For natural love & affection & the sum of a dollar:
In July of 1893, Edward sold the 80 acre farm in section 19 of Scott Township on which he and Hannah lived, plus another 20 acres in section 9, to his wife, Hannah, for natural love, affection and a dollar.
On the surface, this might appear to be a most romantic thing, but there may have been more pragmatic reasons for doing this. Several things may have had an effect on the decision. For example, this transaction probably occurred a couple of years after Edward's mother, Jamima, came to live with them. (A house in town was sold by the heirs of Richard Beall in 1891. It is likely that this house was the one that Richard and Jamima had lived in after Richard's retirement and the house which Jamima continued to live in after Richard's death in 1884. Jamima was living with the Edward Beall family in the 1900 census, and it seems likely that she may moved in with them either before or soon after the sale of the house.)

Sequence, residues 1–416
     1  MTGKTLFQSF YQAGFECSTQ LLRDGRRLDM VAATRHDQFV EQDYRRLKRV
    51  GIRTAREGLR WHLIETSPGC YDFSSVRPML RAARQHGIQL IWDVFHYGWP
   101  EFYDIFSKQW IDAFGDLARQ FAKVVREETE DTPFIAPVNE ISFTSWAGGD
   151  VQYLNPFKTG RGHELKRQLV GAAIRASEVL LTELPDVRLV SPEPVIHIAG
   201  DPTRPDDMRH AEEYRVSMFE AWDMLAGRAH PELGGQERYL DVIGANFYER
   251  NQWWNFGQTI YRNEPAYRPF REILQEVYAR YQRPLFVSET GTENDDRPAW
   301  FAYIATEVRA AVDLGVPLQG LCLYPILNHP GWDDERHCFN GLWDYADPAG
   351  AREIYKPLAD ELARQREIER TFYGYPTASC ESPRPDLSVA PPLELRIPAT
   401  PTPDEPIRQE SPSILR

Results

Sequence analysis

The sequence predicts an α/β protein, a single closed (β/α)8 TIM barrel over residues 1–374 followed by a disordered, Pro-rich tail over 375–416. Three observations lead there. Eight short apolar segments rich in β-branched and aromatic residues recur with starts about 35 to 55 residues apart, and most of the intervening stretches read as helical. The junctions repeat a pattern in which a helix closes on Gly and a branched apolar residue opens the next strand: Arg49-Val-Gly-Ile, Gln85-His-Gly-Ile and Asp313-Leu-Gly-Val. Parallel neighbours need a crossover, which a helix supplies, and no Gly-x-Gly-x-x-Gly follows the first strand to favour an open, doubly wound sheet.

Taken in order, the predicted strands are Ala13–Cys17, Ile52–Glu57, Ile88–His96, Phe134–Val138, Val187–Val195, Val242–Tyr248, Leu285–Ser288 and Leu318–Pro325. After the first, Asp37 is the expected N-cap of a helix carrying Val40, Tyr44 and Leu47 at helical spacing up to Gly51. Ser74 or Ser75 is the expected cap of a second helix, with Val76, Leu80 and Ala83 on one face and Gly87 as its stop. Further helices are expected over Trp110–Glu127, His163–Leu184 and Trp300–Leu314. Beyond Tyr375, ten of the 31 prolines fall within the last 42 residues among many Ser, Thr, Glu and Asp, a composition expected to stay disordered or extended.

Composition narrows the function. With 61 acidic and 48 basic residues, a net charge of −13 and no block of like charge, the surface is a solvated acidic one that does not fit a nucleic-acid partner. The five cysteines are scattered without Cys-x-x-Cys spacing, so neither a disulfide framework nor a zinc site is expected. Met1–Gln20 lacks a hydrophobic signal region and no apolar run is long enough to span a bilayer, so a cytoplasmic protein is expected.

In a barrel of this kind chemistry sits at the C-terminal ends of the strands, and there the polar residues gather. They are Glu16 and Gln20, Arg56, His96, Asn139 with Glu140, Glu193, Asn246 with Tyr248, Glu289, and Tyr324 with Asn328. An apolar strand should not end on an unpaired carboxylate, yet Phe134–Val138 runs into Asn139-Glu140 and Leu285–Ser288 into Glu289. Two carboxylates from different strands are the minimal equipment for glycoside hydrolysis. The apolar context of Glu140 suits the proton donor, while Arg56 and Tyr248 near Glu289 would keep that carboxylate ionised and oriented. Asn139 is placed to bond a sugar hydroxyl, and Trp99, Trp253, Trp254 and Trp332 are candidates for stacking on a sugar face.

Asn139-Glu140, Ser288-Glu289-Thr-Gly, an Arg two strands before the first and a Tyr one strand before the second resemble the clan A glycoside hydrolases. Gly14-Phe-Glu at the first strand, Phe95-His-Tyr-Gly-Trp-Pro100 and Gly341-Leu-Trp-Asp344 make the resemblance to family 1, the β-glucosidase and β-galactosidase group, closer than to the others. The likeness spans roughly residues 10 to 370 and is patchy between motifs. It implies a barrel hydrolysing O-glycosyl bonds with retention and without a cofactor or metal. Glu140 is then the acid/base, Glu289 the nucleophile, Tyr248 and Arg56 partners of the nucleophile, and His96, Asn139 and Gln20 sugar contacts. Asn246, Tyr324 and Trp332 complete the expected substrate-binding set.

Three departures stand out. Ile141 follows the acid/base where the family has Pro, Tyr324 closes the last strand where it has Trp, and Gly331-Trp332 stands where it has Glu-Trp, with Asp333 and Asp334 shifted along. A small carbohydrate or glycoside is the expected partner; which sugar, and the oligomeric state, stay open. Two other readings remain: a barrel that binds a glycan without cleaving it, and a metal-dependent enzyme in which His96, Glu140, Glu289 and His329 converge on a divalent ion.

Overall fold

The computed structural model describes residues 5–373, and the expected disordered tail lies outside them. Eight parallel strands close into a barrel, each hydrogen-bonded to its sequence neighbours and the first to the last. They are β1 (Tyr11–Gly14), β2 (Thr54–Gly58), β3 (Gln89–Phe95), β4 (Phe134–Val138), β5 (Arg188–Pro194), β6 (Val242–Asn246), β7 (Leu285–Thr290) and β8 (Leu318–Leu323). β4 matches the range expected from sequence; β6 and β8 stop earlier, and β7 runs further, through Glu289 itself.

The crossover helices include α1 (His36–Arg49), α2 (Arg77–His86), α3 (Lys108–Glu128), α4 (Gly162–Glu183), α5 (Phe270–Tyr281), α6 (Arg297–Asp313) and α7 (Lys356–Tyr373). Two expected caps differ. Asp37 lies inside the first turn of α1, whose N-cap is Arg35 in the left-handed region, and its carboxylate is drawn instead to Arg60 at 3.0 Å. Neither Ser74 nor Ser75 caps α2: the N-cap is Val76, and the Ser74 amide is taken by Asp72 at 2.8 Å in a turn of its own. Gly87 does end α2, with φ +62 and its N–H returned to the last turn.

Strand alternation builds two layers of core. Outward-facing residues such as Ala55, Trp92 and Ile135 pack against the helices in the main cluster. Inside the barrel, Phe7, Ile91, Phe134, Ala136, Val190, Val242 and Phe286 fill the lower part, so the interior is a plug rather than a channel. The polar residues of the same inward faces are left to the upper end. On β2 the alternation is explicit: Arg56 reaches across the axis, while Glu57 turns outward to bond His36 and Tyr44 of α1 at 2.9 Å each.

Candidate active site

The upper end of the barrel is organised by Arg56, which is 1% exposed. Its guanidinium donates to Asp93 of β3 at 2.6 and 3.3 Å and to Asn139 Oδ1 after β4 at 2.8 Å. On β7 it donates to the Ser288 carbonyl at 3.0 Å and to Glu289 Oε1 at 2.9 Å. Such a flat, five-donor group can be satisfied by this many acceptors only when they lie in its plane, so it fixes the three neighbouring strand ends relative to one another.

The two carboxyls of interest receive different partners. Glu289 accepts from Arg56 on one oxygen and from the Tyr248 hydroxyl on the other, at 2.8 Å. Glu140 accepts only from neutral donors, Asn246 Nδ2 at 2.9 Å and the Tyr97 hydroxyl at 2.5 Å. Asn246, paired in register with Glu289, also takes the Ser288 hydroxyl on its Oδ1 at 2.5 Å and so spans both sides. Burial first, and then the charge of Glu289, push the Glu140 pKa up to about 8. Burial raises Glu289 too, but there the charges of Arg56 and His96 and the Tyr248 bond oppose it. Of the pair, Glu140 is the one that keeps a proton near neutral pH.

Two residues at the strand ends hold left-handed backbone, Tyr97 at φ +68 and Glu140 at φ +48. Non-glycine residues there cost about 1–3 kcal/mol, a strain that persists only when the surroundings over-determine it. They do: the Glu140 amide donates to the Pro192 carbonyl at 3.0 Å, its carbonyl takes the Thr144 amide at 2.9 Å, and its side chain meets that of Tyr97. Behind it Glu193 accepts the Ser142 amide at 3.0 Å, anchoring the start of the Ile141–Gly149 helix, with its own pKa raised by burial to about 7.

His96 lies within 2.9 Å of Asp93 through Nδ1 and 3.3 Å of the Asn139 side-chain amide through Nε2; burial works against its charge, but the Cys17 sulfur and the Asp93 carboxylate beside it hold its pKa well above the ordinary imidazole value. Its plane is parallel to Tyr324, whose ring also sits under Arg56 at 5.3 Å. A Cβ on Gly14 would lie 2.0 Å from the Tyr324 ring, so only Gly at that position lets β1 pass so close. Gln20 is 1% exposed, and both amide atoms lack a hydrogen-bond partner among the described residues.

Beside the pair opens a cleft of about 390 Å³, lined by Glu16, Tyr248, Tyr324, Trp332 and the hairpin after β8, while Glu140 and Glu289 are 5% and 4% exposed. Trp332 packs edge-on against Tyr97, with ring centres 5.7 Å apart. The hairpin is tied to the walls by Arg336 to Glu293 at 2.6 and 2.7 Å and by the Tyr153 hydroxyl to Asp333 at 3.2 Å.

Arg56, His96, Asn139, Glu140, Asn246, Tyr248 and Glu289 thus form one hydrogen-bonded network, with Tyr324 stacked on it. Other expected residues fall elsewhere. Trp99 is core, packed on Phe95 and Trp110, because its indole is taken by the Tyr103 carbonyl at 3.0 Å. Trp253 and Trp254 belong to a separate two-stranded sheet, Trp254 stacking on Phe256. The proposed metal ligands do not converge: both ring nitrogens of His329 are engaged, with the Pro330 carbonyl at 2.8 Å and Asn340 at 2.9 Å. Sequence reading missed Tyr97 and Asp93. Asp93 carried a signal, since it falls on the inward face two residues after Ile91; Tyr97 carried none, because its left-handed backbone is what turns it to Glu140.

If true, this meant that although Hannah was now in her late forties, she was caring for an elderly woman in addition to raising an infant nephew (Elvert Hermon, who was 3 at the time). Perhaps this deed transfer was a result of a mutual agreement between Edward and Hannah that Hannah needed a measure of security in the event that something happened to Edward.
It appears that Edward's health may not have been the best. The following year, in 1894, he applied for a pension for his Civil War service in which he mentioned that in addition to being blind in his right eye due to an accident in 1870, he was troubled by rheumatism on his right side from his shoulder to his knee.
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